Over the past few months, I’ve decided that my tea total ways needed some loosening. It is downright embarrassing to be out with a bunch of friends and have no idea what to order other than college standbys like rum and Coke. So I’ve been on a mission to explore alcohol, primarily wines and scotches. This mission also led me to stock up on an assortment of meads for circle. Because what is more stereotypically pagan than mead in your ritual cup?
Well those explorations have taught me that I dearly love mead. It also exposed me to a ton of rather confusing new vocabulary. So I thought I’d share my learnings a) so I can archive my own notes in case I forget in the future and b) to shorten the learning curve of anyone else interested in drinking more mead.
If you’re in the pagan world, you’ve probably already heard about mead and probably know that it is a wine-like alcoholic beverage made from honey. And you may have even tried some before. But if you have tried one mead…you have tried one mead. The various brewers make all sorts of styles ranging from the intensely sweet, intensely fruity varieties to styles so dry and metallic, you might think you’ve licked a cast iron pan. The world of mead is far more like the world of craft beer: it is one that thrives on exploration, for there is so much variety that there truly is a mead for every taste.
Part of the variety is due to honey varietals. Just like pinot noir grapes make a very different wine than merlot grapes, so too does orange blossom honey make a different mead than clover. Or blueberry. Or goldenrod. Or buckwheat. Or fill in your favorite plant here. If you ever have a chance to visit an apiary, they will probably have dozens of varietals for you to try, and you’ll very quickly see that the taste of the flower has a huge impact on the taste of the honey. (By the way, if you ever have a chance to try goldenrod honey, jump on it. That is phenomenal stuff.) Another part of the variety is the alcohol and carbonation levels. In general, still meads (no carbonation) drink more like a wine. They tend to be a little drier and much more alcoholic (12% or more). Session meads (some carbonation), on the other hand, drink more like a beer. They are usually a little lighter tasting due to the carbonation, and they are sweeter and smoother due to the lower alcohol concentration (generally 6 percent or higher). Rules of course can be broken, and it is possible to find low-alcohol stills and high alcohol sessions.
Meads also have other categories beyond still and session. Some of these categories tell a bit about the proportions of the three major ingredients in mead: honey, water, and yeast. Traditional or show meads typically use between 3 and 4 pounds of honey for every gallon of water. Great mead or sack mead has a higher ratio of honey, typically 5 pounds or more per gallon, and yields a sweet, dessert wine. Great meads are designed to be aged for several years, as a whisky or wine might be. Hydromels, in contrast, are ‘fast drinkers’ and can use as little as 1 pound of honey per gallon of water, though they will frequently be between 2-3 pounds. All of these can be made with honey alone, and therefore their unique tastes will be due to the honey. If using a unique ‘single varietal’ honey, sticking with a plain traditional, great, or hydromel would be the best choice.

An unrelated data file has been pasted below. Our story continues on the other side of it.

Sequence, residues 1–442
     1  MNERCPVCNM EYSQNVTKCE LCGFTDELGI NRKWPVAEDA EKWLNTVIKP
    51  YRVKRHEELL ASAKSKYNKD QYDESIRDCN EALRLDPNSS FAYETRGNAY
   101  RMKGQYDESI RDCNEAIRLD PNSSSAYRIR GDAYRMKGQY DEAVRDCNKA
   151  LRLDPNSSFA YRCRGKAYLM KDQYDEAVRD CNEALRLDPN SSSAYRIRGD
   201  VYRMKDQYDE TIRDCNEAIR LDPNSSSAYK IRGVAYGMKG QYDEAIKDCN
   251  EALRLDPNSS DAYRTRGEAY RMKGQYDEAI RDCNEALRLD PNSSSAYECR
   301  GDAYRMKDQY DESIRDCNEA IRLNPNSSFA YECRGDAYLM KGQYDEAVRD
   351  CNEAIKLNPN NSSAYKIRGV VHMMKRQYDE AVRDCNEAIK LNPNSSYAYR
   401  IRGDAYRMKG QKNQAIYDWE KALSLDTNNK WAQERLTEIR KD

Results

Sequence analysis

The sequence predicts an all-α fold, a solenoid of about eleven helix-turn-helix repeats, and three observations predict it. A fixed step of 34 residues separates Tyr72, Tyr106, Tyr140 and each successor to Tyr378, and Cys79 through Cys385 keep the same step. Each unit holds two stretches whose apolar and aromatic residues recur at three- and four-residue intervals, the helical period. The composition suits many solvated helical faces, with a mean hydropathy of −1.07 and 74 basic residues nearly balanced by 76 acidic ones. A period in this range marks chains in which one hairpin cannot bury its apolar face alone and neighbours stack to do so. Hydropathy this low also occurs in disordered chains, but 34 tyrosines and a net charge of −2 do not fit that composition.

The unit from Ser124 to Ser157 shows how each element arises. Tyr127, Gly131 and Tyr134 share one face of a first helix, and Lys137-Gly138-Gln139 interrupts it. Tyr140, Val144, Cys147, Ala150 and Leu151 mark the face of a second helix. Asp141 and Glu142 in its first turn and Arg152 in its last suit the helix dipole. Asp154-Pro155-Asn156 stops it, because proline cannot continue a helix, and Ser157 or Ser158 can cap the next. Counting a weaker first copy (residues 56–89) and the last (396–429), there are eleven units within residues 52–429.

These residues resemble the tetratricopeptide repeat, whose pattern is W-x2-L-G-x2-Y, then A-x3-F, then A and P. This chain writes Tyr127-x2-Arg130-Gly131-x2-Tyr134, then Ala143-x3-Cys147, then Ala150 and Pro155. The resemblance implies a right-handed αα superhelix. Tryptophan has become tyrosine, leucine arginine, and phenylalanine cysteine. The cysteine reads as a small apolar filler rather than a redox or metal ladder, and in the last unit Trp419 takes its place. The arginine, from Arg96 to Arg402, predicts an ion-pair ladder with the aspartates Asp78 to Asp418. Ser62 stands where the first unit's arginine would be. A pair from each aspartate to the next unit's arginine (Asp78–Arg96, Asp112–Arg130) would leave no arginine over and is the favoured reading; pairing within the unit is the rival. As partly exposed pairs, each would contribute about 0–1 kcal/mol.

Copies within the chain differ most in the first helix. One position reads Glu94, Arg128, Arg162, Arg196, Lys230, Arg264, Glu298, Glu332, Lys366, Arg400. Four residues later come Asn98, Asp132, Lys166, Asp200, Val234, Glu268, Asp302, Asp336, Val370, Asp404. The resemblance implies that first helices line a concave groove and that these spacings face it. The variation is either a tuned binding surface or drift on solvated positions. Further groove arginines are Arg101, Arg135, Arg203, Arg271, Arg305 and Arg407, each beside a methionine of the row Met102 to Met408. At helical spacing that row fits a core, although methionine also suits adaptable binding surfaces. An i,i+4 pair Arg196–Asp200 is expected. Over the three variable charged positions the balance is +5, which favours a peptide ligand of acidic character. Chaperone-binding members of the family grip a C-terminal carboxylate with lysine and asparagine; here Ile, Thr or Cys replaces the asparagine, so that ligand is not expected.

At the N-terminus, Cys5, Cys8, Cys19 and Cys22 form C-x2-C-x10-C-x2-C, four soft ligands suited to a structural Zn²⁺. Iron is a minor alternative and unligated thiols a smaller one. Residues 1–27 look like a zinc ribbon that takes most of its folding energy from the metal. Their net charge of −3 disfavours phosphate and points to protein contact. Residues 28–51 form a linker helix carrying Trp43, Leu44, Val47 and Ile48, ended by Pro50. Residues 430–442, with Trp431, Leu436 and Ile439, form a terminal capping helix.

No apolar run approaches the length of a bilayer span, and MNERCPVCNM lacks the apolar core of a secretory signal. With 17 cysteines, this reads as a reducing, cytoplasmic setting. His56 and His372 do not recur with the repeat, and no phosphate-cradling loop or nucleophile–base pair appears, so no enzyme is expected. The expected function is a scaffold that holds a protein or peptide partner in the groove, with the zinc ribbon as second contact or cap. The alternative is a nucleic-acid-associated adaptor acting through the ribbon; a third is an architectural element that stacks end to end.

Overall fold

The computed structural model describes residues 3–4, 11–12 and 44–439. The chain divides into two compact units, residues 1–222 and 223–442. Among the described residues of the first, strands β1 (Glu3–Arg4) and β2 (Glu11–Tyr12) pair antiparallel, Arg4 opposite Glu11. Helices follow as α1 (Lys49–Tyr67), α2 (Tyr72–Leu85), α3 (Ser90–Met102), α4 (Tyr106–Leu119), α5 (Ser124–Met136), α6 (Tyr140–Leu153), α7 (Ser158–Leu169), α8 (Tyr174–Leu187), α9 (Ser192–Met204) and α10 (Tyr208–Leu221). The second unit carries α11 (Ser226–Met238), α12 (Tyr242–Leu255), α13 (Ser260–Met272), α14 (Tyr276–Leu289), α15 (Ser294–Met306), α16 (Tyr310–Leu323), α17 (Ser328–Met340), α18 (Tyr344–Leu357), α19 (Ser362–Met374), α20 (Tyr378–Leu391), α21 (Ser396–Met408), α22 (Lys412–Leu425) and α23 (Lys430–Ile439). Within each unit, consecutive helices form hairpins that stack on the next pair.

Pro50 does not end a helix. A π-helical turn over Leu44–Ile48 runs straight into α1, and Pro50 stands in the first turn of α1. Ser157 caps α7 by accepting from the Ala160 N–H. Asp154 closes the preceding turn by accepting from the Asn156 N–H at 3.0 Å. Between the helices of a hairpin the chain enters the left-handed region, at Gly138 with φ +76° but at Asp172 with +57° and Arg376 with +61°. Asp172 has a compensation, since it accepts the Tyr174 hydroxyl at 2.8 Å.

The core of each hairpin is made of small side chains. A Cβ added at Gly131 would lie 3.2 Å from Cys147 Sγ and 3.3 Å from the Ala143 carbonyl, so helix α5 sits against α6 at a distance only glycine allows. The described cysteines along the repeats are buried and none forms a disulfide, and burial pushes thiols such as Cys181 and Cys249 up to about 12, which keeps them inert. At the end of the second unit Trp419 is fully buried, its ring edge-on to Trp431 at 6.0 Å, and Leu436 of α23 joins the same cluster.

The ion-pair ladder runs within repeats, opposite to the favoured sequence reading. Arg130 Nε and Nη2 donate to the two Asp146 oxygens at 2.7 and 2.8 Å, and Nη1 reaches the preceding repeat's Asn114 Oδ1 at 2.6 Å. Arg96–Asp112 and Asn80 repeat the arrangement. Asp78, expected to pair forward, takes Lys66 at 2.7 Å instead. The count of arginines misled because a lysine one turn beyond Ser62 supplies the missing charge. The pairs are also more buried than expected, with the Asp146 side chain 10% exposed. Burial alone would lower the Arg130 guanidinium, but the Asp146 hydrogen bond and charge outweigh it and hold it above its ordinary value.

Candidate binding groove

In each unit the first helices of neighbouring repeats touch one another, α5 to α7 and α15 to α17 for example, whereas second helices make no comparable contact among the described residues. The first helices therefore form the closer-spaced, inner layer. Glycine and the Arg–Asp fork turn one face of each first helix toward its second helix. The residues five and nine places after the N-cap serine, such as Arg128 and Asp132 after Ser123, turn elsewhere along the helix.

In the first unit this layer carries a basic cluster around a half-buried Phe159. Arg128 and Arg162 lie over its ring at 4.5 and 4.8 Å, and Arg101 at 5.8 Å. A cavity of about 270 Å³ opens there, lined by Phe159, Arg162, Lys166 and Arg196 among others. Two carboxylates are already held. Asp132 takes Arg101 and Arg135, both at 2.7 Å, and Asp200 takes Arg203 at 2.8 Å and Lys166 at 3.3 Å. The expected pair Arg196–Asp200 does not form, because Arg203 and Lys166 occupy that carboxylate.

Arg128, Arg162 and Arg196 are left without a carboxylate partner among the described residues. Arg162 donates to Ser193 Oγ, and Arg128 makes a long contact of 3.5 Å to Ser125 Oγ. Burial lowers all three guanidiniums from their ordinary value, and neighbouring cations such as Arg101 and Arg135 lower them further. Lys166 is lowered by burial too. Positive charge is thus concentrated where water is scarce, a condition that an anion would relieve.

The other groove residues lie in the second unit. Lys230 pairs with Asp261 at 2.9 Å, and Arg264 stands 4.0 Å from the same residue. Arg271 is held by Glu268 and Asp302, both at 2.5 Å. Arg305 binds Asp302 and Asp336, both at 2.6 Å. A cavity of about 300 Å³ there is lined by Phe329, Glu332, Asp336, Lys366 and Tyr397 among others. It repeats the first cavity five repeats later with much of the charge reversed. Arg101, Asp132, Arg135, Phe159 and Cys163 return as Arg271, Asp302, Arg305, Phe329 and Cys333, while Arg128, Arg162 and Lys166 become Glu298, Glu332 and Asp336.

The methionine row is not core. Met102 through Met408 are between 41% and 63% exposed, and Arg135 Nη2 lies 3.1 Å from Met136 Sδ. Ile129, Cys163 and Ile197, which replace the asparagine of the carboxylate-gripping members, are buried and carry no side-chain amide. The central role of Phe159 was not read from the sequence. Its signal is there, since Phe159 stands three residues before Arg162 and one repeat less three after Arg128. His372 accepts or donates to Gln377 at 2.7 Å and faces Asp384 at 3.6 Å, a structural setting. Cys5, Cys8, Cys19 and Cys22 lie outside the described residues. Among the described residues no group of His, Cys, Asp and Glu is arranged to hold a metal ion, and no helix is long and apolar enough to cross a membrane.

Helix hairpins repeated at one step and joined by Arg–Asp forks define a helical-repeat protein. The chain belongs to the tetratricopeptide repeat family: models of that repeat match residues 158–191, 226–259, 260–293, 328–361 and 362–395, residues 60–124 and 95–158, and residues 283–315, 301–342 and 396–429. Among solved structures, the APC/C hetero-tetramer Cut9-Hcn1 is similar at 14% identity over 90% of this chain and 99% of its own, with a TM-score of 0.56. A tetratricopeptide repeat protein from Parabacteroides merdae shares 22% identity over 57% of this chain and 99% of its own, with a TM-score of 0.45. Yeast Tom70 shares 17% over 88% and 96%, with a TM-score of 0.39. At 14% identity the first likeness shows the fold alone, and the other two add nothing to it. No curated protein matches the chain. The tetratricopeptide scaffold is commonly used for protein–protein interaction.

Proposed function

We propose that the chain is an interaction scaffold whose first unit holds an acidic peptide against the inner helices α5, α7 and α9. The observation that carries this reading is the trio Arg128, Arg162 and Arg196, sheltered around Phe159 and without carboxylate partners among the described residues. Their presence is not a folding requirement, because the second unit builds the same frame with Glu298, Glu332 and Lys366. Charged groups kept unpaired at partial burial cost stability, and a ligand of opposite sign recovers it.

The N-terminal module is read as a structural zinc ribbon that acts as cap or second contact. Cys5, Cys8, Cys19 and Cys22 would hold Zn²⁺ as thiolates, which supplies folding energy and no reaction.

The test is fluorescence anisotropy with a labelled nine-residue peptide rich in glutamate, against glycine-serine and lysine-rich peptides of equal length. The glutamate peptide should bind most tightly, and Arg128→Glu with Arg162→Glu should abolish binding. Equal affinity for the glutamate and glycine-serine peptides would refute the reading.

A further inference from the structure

However, meads are frequently flavored with other things, and additional vocabulary tells you what the flavorings are. Melomels add fruit to the traditional mix. A blueberry melomel made with blueberries will definitely taste like the blueberries you eat, but a blueberry traditional will actually be made from blueberry honey and will therefore have the anise and ginger notes of that honey rather than the berry notes of the fruit. There are certain sub-categories of melomels, the two most important being pyments, which use wine grapes and are therefore sort of a cross between a standard wine and a mead, and cysers, which use fresh-pressed apple or pear cider and are therefore sort of a cross between a hard cider and a mead.
Methegens, in contrast, rely on spices or herbs to bring additional flavor to the standard honey/water/yeast blend. If you wanted a traditional mead to have cinnamon notes, you would have to use a honey like star thistle that has some of these notes present, and even then they would be subtle. If you wanted the cinnamon to be prominent, you would add it as a methegen flavoring. As with melomels, methegens have some subcategories, but the most important one is the blossomel, which will use dried flowers to further flavor the mead. Lavender and jasmine can be especially delicious, and hops have become very popular as of late. Rose has been used since the time of the Romans and even has its own special name, rhodomel.
Finally, there’s a collection of names for meads that get additional sugars from non-fruit sources. The most common world wide is the braggot, where grain is infused into water as in the first steps of making a beer. The grain sugars can give braggots a malty taste. In North America, the most natural pairing is maple syrup with the honey to make an acerglyn or acer. The honey could even be heated and the Maillard reactions of caramelizing the sugars would form the complex, sweet flavor compounds that characterize the bochet.
There are plenty of other ‘mead words’, particularly for meads made in non-Anglophone countries. But if you’re a mead drinker in North America, this is most of the terminology you’re likely to encounter at your local meadery.